Obesity in Adolescents
(See also Introduction to Problems in Adolescents.)
Obesity is now twice as common among adolescents than it was 30 years ago and is one of the most common reasons for visits to adolescent clinics. Although fewer than one third of obese adults were obese as adolescents, most obese adolescents remain obese in adulthood.
Although most of the complications of obesity occur in adulthood, obese adolescents are more likely than their peers to have high blood pressure. Type 2 diabetes mellitus is occurring with increasing frequency in adolescents due to insulin resistance related to obesity. Because of society’s stigma against obesity, many obese adolescents have a poor self-image and become increasingly sedentary and socially isolated.
The factors that influence obesity among adolescents are the same as those among adults. Most cases are external (eg, consuming too many calories and/or a low-quality diet), often in conjunction with a sedentary lifestyle. Genetic influences are common, and responsible genes are now being identified (see also Obesity and the Metabolic Syndrome).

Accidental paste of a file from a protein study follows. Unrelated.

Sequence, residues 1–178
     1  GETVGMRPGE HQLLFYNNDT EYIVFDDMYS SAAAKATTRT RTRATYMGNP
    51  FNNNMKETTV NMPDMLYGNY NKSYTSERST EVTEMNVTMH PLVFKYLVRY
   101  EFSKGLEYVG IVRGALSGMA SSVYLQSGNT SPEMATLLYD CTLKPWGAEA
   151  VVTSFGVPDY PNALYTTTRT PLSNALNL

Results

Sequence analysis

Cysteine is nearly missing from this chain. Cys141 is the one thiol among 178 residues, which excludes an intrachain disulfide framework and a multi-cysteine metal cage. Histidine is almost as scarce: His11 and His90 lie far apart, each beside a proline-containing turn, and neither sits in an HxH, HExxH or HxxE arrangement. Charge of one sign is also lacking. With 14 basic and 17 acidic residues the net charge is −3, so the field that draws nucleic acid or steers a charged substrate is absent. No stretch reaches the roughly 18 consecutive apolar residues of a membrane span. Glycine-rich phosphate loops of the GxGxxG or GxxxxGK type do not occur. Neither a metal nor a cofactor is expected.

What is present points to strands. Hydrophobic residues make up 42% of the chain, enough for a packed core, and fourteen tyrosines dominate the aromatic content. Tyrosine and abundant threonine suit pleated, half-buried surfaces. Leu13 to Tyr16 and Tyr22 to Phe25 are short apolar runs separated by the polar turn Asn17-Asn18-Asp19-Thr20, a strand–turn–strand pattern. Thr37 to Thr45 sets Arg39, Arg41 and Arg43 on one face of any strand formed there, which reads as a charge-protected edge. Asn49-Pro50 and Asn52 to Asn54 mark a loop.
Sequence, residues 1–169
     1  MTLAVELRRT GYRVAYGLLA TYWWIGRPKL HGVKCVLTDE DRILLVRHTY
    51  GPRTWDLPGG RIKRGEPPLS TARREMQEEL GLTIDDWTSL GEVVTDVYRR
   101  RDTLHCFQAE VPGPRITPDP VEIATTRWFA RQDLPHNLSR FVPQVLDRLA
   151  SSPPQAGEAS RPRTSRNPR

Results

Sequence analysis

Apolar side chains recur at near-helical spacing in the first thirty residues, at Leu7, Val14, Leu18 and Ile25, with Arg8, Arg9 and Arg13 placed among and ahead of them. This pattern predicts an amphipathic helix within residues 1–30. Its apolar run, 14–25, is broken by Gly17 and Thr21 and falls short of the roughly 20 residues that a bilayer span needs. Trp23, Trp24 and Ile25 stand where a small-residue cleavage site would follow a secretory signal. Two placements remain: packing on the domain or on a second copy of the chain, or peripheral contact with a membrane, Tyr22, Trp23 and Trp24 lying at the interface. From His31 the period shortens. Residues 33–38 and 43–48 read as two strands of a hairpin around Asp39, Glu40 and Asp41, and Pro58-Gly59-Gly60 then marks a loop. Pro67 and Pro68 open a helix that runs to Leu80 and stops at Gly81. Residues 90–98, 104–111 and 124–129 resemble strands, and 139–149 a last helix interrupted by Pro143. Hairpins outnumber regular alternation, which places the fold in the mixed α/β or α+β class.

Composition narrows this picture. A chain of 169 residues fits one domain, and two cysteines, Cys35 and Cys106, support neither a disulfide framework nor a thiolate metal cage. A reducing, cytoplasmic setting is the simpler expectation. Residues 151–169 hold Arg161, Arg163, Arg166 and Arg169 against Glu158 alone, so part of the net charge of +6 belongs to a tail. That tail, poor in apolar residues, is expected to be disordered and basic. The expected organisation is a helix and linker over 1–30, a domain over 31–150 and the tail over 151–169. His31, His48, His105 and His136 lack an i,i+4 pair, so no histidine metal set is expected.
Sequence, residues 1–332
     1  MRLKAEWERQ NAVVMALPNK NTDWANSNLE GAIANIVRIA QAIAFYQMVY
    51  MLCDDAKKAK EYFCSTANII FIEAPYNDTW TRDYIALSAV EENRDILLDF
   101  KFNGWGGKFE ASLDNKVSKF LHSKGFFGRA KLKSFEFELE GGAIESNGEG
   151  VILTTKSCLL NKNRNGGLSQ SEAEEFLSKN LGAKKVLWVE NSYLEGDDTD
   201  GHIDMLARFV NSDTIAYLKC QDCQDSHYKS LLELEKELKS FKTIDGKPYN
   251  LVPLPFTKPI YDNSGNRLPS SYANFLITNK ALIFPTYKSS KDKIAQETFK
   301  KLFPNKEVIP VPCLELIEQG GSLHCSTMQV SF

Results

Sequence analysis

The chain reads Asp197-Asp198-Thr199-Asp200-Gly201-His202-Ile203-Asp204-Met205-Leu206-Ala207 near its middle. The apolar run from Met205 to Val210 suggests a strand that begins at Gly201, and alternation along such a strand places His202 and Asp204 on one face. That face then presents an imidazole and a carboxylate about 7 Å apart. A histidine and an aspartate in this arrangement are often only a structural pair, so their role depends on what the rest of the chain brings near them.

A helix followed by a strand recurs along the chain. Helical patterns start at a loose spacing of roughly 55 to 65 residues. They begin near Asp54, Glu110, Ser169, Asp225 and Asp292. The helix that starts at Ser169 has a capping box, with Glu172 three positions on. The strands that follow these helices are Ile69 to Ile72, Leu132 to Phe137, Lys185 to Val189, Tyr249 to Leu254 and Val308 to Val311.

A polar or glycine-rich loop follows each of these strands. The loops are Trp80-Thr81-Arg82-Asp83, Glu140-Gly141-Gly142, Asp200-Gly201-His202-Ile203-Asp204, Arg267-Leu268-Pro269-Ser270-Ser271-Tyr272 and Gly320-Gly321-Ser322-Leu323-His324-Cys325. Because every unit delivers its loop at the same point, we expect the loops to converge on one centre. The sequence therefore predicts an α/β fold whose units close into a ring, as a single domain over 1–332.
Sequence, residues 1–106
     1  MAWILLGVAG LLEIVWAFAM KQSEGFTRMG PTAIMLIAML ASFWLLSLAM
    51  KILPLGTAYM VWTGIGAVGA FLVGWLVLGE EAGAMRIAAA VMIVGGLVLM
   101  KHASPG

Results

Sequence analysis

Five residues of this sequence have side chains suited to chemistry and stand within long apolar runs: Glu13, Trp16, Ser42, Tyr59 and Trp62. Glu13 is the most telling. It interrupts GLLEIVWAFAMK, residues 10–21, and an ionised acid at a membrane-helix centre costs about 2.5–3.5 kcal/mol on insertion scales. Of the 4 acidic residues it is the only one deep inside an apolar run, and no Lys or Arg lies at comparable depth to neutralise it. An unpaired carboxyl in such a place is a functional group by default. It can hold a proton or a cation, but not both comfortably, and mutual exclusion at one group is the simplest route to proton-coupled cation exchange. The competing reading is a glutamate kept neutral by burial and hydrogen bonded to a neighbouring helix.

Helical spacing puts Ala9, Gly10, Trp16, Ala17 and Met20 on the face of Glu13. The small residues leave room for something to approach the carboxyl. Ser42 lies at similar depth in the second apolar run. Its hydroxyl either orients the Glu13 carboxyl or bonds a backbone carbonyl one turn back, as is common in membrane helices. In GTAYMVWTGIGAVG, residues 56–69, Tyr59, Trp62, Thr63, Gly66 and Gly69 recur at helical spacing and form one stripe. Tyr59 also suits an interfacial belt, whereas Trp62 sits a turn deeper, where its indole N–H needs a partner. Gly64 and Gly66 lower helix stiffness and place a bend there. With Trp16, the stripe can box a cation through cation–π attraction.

Parents often are concerned that obesity is the result of some type of endocrine disease, such as hypothyroidism or hyperadrenocorticism, but such disorders are rarely the cause. Adolescents with weight gain caused by endocrine disorders are usually of small stature and have other signs of the underlying disorder.
Determination of the body mass index (BMI) is an important aspect of physical assessment. Adolescents whose BMI is ≥ the 95th percentile for their age and sex are obese.
Primary endocrine (eg, hyperadrenocorticism, hypothyroidism) or metabolic causes are uncommon but should be ruled out if height growth slows significantly. If the child is short and has hypertension, Cushing syndrome should be considered.
Despite many therapeutic approaches, obesity is one of the most difficult problems to treat, and long-term success rates remain low. Intervention for obese adolescents should be focused on developing healthy eating and exercise habits rather than on losing a specific amount of weight. Caloric intake is reduced by
Calorie burning is increased by
Summer camps for obese adolescents may help them lose a significant amount of weight, but without continuing effort, the weight usually is regained. Counseling to help adolescents cope with their problems, including poor self-esteem, may be helpful.
Drugs that help reduce weight are generally not used during adolescence because of concerns about safety and possible abuse. One exception is for obese adolescents with a strong family history of type 2 diabetes. They are at high risk of developing diabetes. The drug metformin, which is used to treat diabetes, may help them lose weight and also lower their risk of becoming diabetic.